On the morning of 11 July 1908, a young lady entered the hotel and claimed that she was also married to Traun and would even have children with him. After meeting with Traun, he shot himself in the bathroom of his apartment. Neither the lady's identity nor the validity of her claim is known today. However, it seems very likely that she told the truth and Traun, facing a major social scandal at that time, was left with no other choice but to kill himself. Friedrich's father Heinrich Traun adopted Friedel Preetorius who was already pregnant and gave birth to her daughter Lieselotte in February 1909. She later married Ludwig Strecker, owner of B. Schott's Söhne (today Schott Music), Friedrich Traun was buried in the family's grave at the Ohlsdorf Cemetery.
Schott Music is one of the oldest German music publishers. It is also one of the largest, and is the second oldest, music publishing houses in Europe. The company headquarters of Schott Music were founded by Bernhard Schott in Mainz, Germany, in 1770.
Ohlsdorf Cemetery in the Ohlsdorf quarter of the city of Hamburg, Germany, is the biggest rural cemetery in the world and the fourth-largest cemetery in the world. Most of the people buried at the cemetery are civilians, but there is also a large number of victims of war from various nations. The cemetery notably includes the Old Hamburg Memorial Cemetery with the graves of many notable Hamburg citizens.
John Mary Pius Boland was an Irish Nationalist politician, and Member of Parliament (MP) in the House of Commons of the United Kingdom of Great Britain and Ireland and as member of the Irish Parliamentary Party for South Kerry 1900–1918. He was also noteworthy as a gold medallist tennis player at the first modern Olympics.
Germany competed at the 1896 Summer Olympics in Athens, Greece. The Germans were the third most successful nation in terms of both gold medals and total medals (13). Gymnastics was the sport in which Germany excelled. The German team had 19 athletes. The Germans had 75 entries in 26 events, taking 13 medals.
Ten athletes from the United Kingdom of Great Britain and Ireland competed in seven sports at the 1896 Summer Olympics. The Great Britain athletes were the fifth most successful in terms of overall medals (7) and tied for fifth in gold medals (2). The 7 medals came on 23 entries in 14 events.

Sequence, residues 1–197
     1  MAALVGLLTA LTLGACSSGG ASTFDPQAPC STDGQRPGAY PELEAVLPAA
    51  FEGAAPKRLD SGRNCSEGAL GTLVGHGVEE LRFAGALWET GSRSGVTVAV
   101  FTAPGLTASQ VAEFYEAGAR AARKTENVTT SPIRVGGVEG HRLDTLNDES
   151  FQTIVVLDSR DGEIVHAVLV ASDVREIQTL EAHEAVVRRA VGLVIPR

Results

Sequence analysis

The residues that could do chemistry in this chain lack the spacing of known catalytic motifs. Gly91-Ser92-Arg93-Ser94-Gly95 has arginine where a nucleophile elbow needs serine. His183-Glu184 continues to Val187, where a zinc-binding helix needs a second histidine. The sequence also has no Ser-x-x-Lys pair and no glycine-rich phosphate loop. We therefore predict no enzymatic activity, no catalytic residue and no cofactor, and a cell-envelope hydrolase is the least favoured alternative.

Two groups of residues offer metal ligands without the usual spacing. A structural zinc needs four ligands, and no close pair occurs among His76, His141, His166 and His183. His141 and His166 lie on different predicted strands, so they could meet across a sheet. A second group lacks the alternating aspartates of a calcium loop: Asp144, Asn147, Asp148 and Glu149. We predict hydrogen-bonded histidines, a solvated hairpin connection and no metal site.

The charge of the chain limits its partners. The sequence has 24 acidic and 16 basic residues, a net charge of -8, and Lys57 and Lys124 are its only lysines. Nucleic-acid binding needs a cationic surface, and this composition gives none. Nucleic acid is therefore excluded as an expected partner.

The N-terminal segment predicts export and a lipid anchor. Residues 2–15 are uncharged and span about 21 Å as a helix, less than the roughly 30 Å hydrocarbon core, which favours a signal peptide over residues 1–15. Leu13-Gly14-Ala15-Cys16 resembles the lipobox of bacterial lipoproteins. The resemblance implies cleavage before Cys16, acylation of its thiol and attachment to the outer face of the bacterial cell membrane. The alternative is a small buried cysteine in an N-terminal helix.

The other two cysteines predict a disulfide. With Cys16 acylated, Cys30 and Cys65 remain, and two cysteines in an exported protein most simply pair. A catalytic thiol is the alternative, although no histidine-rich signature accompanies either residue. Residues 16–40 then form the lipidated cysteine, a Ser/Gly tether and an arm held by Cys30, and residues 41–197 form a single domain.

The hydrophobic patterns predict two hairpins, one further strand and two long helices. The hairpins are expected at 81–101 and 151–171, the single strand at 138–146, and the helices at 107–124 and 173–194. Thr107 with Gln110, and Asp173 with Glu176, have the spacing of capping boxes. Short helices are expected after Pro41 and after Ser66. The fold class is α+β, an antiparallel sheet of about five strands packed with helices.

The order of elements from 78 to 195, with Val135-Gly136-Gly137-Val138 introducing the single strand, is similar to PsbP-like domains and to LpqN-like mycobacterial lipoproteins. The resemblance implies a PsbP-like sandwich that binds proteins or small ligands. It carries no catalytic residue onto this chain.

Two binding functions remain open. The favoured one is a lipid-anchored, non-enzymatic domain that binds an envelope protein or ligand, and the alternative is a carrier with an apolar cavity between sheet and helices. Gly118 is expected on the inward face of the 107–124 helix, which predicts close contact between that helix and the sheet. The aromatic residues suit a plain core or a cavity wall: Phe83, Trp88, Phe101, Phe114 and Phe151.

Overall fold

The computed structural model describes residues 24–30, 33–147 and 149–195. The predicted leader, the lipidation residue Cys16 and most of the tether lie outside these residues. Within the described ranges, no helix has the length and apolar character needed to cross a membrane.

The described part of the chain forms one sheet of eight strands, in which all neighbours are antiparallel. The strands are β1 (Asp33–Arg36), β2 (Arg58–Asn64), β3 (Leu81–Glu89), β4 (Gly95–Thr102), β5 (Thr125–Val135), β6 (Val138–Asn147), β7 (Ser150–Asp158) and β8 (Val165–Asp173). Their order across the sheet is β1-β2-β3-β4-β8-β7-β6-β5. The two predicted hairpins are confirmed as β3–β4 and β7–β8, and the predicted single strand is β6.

Dionysios or Dimitrios Kasdaglis was a Greek-Egyptian tennis player. He competed in the 1896 Summer Olympics in Athens and the 1906 Intercalated Games, also in Athens.
Aristidis Akratopoulos was a Greek tennis player. He competed at the 1896 Summer Olympics in Athens.
Konstantinos Akratopoulos was a Greek tennis player. He competed at the 1896 Summer Olympics in Athens.
Demetrios Petrokokkinos was a Greek tennis player. He competed at the 1896 Summer Olympics in Athens.
Major Josiah George Ritchie was a male tennis player from Great Britain. He was born in Westminster and died in Ashford, Middlesex and educated at Brighton College.
The German Empire and Kingdom of Prussia were abolished in 1918. The current head of the former ruling House of Hohenzollern is Georg Friedrich, Prince of Prussia. The Law of Succession used is Agnatic Primogeniture.
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Germany competed at the 1912 Summer Olympics in Stockholm, Sweden. 185 competitors, 180 men and 5 women, took part in 69 events in 14 sports. Due to the political fallout from World War I, this was that country's last appearance until 1928.
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The Hanseaten is a collective term for the hierarchy group consisting of elite individuals and families of prestigious rank who constituted the ruling class of the free imperial city of Hamburg, conjointly with the equal First Families of the free imperial cities Bremen and Lübeck. The members of these First Families were the persons in possession of hereditary grand burghership of these cities, including the mayors, the senators, joint diplomats and the senior pastors. Hanseaten refers specifically to the ruling families of Hamburg, Lübeck and Bremen, but more broadly, this group is also referred to as patricians along with similar social groups elsewhere in continental Europe.
The Old and the Young King is a 1935 German historical drama film by Hans Steinhoff and starring Emil Jannings, Werner Hinz and Leopoldine Konstantin.
Johann Heinrich Burchard was a Hamburg lawyer and politician who served as senator and First Mayor and President of the Senate of the Free and Hanseatic City of Hamburg.
Melody of a Great City is a 1943 musical drama film directed by Wolfgang Liebeneiner and starring Hilde Krahl, Werner Hinz and Karl John. A young woman moves to Berlin to work as a press photographer.
Friedrich Haerlin was an hotelier, and founder of the Hotel Vier Jahreszeiten in Hamburg, Germany.